Afghan Biscuits - Gastro Obscura


Afghan Biscuits

These beloved New Zealand cookies have a mysterious past.

Every Kiwi kid knows that toasted cornflakes and rich chocolate wafting from the kitchen means Afghan biscuits. New Zealanders of all ages enjoy this classic treat at snack time, during holidays, at potlucks, and as after-school fuel. But despite its ubiquity, the origins of the Afghan biscuit are purely conjectural. Is it racist? A nod to geography? No one knows for sure.

As a young nation, New Zealand derives much of its culinary inspiration from British tradition, but the Afghan biscuit is a cookie all its own. The recipe begins with a buttery cocoa batter studded with ground cornflakes, which add a gritty crunch all the way through each bite. After baking, each cookie gets topped with chocolate icing and studded with a single walnut. The finished product is crispy, rich, salty-sweet, and addictive. Kiwis also buy them everywhere from gas stations to inter-island ferries.

Still, the origin of this crispy chocolate delight remains a mystery. The authors of Edmonds Cookery Book may have been the first to chronicle Afghan biscuits in the 1940s, without mention of credit or history. Likewise, the recipe’s name is of unknown origin, though speculation points to several rather unbecoming possibilities. The most harmless of suggestions likens the cookie’s texture to the landscape of Afghanistan, with the crushed cereal representing sand and the piled frosting and walnut symbolizing mountains. Others tie the biscuit’s inspiration to Britain’s involvement in the Anglo-Afghan Wars, which began in 1839. Afghan biscuits may have been invented for wartime care packages, or to represent “eating” the enemy. Indeed, there are mentions of the cookie as representation of an Afghan male, wearing a symbolic walnut turban.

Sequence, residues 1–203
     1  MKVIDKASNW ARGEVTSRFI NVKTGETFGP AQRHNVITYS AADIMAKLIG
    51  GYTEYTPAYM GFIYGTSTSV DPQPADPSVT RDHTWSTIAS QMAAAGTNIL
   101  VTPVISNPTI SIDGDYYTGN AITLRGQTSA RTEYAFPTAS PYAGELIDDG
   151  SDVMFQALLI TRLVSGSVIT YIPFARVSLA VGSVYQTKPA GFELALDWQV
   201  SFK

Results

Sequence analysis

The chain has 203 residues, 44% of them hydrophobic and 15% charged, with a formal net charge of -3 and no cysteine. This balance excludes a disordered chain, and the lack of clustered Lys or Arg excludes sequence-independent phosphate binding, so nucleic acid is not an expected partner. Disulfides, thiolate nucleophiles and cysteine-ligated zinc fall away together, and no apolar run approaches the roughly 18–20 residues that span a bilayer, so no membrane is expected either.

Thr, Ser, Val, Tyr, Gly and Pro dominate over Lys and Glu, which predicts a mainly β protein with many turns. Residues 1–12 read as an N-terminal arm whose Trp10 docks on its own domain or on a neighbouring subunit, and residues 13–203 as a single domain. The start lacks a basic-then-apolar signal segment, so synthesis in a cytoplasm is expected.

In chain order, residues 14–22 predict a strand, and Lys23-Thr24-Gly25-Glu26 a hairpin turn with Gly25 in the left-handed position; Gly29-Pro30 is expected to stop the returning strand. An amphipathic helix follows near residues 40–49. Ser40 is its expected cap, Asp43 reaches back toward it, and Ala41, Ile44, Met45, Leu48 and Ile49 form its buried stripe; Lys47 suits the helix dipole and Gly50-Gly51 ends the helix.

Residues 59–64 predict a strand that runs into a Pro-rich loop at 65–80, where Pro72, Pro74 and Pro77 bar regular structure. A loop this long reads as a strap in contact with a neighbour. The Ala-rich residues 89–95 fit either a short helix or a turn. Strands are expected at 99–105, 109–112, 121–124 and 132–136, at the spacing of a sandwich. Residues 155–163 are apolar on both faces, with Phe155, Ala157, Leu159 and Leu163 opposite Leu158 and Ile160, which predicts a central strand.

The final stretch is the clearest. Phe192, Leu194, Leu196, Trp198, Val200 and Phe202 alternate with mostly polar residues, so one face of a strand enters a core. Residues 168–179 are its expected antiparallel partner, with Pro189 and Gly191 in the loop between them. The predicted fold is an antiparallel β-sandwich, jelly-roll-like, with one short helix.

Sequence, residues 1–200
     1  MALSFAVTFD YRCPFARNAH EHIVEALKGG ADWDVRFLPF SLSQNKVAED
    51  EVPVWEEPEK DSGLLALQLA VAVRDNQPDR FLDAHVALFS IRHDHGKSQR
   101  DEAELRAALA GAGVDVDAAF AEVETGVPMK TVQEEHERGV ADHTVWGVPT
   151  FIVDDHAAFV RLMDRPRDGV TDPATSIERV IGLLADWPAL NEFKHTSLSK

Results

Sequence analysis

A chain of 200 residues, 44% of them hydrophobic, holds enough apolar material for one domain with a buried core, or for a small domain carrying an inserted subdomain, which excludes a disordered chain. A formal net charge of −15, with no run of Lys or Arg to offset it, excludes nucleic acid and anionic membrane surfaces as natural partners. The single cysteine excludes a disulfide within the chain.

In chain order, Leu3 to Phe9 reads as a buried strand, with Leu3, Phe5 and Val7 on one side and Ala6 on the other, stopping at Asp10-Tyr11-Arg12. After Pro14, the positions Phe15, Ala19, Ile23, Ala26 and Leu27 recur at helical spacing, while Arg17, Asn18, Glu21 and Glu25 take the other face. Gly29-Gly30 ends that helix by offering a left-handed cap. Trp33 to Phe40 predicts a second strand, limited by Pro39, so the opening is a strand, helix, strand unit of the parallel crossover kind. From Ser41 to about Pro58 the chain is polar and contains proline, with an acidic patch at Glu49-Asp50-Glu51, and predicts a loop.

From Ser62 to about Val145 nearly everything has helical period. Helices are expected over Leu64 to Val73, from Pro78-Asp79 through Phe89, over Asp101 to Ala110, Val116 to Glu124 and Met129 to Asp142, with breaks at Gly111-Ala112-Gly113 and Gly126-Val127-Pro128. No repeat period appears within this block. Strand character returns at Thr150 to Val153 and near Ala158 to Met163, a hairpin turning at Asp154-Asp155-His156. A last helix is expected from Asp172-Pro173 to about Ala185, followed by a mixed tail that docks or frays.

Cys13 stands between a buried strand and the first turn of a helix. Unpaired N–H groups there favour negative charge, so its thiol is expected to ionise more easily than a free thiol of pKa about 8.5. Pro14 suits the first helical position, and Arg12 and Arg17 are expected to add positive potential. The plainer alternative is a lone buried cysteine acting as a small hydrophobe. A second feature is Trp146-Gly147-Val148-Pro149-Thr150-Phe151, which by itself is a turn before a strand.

Offensive? Certainly. Out of the question? Not entirely, seeing as “political correctness” had yet to be coined in the 19th century. If nothing else, here’s fodder for your next controversial conversation over tea and cookies—and the Edmonds recipe, to boot.

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